In the future, I think all news footage will be shot by drones, and will unfold in total silence. There is already one network of this kind in Europe. It features footage from different locations around the world, on rotation. There is no commentary, no pundits, only a small box in the corner providing the location and the date. My sister, who lives in Albania, had it on one afternoon when I was visiting her. “I find it so soothing,” she said, then left me in front of the television while she put her children down for a nap. I sat there for almost an hour, watching aerial shots of protests in Romania and floods in Southern California and crowds gathered outside the Vatican, waiting for an appearance by the Pope. It was soothing. There is something sublime and hypnotic about seeing the earth from above. Before drones, satellites and helicopters provided such views, but this God-like perspective was never so abundant, nor accompanied by such elegant silence. As I sat there, I fell into a kind of trance, such that the images began to seem removed not only spatially but temporally. At some point, I understood that I was in the future, long after our planet had been obliterated, watching scenes that had taken place many centuries in the past; I was watching the final dramas of a fallen civilization.
What I was experiencing was delusion. It was the kind of hallucination induced by acid trips, madness, and extreme sleep deprivation, in which a person often feels that he is floating above his own body, looking down on it from above. Charles Lindbergh experienced something like this during his flight across the Atlantic, after remaining awake for over thirty hours. At one point, he felt as though his consciousness had become completely untethered. “For immeasurable periods,” he wrote, “I seemed divorced from my body as though I were an awareness, spreading through space, over the earth and into the heavens, unhampered by time and substance, free from the gravitation that binds men to heavy human problems of the world.” This is an account of human consciousness leaving a body, leaving a plane. It is an account of a man becoming a drone.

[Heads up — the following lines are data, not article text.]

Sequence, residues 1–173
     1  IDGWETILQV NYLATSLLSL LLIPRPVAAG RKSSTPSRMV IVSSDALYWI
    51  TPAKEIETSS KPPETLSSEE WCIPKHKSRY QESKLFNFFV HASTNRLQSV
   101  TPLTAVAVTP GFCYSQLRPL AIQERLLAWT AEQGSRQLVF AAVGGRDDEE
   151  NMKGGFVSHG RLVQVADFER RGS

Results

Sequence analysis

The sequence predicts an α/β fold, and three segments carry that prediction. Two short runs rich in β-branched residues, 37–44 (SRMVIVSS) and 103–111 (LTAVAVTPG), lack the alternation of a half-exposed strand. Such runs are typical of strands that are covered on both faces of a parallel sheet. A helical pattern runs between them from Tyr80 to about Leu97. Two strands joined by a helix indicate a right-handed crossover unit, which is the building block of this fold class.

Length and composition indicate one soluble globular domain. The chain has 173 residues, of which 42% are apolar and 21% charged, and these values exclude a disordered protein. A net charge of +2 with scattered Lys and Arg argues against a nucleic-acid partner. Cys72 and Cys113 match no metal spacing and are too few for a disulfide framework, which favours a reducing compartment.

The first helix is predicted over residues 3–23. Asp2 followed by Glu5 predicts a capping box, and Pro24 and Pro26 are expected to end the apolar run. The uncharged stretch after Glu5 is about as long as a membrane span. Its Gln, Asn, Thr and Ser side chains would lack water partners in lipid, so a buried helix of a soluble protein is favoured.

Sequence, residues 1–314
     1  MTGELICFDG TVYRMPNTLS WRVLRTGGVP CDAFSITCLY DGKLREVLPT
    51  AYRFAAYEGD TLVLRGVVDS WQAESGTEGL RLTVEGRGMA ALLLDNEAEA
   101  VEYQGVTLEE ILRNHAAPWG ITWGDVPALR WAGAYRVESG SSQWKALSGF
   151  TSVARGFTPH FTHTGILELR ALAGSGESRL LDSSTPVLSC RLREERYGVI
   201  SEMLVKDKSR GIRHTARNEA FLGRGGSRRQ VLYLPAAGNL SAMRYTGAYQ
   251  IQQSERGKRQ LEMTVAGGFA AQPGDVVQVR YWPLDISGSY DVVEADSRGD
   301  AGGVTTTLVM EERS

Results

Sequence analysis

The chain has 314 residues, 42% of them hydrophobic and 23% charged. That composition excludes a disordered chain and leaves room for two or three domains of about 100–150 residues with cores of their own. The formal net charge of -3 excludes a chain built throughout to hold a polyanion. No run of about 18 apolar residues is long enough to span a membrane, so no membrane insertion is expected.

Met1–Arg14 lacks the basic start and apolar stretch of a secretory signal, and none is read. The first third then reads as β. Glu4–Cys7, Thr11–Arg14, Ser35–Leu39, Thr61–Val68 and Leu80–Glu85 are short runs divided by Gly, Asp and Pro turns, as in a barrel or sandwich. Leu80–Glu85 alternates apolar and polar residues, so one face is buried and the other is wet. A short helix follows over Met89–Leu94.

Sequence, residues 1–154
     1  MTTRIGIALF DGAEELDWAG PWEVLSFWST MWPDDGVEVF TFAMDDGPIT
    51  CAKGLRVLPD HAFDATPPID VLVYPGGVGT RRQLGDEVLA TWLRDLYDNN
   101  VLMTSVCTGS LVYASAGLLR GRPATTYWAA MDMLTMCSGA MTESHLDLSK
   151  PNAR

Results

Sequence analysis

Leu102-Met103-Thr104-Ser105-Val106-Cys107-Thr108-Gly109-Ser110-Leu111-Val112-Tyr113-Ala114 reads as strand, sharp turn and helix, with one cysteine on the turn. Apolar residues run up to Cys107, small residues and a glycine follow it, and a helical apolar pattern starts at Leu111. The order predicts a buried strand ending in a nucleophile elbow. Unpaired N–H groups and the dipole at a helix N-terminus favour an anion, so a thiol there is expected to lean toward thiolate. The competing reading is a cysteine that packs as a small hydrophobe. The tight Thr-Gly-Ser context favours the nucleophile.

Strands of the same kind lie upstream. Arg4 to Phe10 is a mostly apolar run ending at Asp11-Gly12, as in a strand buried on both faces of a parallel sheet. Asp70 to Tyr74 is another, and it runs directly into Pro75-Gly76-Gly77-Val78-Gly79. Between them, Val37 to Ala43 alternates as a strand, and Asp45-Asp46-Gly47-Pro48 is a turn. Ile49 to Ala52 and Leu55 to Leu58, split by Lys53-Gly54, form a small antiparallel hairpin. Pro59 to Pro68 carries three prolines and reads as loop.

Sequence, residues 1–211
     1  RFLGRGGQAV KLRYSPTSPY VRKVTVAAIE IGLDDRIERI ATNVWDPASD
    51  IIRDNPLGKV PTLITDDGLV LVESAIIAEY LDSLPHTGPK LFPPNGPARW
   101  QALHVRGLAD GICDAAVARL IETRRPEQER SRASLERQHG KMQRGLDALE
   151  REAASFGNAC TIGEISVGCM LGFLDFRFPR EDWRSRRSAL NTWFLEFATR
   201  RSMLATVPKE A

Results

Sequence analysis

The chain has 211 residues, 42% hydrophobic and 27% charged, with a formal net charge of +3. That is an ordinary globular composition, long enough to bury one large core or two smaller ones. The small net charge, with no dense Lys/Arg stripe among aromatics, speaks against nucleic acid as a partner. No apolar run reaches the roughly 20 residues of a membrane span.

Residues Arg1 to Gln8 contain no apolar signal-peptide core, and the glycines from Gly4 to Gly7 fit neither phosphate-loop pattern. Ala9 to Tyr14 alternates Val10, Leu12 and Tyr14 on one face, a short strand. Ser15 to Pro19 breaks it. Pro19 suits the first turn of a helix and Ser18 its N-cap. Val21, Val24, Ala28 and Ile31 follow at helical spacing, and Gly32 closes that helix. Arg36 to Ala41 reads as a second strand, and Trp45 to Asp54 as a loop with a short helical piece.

Drones satisfy our desire for transcendence. They extend our senses beyond their normal range. They tempt us to believe that we can rise above the particulars of our historic situation and perhaps even abandon the limits of subjective consciousness. For this reason, the drone has long been linked in my mind with the algorithm, another mindless technology that ascends to a scale unfathomable to humans—the petabyte, the exabyte—allowing us to obtain what we believe to be divine objectivity. Literalists will protest that unlike algorithms, drones are not truly thoughtless—there is still a human controlling them, albeit remotely. But this is merely a provisional technicality that cannot survive long. Last year, Google partnered with the Pentagon to create machine-learning algorithms that would aid drones in counterterrorist operations. The algorithms were built to scan video footage taken by drones and identify targets for strikes, making decisions that are currently made by pilots. Critics of the technology argued that it would lead to fully autonomous, weaponized AI. In the end, thousands of Google employees signed a letter protesting the collaboration, which resulted in the contract getting cancelled.
This kind of collective action necessarily calls upon the intense subjectivity of human interests. It requires waking from an automatic existence and attempting, as Hannah Arendt put it, “to think what we are doing.” Modern warfare, like all modern enterprise, is increasingly subject to the dominant myth of the information age: that insight and moral clarity will appear—like some emergent property—from the deluge of data we have collected. But thought does not arise from information any more than consciousness arises from the complexity of a computer. There is no ghost hiding within the gears—the homunculus piloting the machine is us.
Meghan O’Gieblyn is the author of the essay collection Interior States. Her work has appeared, most recently, in Harper’s Magazine, n+1, Tin House, and The Best American Essays 2017.